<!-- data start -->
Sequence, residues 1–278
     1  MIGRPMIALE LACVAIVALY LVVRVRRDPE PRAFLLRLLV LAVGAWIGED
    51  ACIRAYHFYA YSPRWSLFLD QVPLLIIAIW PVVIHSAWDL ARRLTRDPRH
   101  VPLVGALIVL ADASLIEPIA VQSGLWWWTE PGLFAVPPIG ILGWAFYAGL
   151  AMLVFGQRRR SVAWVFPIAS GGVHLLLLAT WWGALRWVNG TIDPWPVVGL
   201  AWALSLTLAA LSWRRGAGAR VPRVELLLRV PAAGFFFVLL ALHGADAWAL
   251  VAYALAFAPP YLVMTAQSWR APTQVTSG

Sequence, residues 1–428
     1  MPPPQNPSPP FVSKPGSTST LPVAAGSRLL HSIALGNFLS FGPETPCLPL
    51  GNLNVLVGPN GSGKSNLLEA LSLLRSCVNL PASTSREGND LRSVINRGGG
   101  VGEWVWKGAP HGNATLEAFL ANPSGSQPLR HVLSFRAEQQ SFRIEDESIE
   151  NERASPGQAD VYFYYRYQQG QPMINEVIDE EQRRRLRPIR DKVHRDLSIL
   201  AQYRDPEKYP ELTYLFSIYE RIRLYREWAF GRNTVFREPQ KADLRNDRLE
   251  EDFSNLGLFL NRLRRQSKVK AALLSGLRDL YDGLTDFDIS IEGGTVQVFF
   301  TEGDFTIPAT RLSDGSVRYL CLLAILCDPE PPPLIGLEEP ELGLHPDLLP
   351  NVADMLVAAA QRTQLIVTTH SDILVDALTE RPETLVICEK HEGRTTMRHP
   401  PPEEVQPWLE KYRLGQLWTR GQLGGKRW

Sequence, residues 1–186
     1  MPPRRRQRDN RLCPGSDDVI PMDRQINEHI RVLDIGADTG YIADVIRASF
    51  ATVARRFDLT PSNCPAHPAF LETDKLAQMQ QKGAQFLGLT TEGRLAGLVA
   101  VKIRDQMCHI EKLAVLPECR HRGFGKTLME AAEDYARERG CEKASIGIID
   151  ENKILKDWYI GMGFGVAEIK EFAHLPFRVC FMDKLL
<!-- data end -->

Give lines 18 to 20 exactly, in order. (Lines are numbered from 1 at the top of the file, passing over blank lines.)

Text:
Sequence, residues 1–186
     1  MPPRRRQRDN RLCPGSDDVI PMDRQINEHI RVLDIGADTG YIADVIRASF
    51  ATVARRFDLT PSNCPAHPAF LETDKLAQMQ QKGAQFLGLT TEGRLAGLVA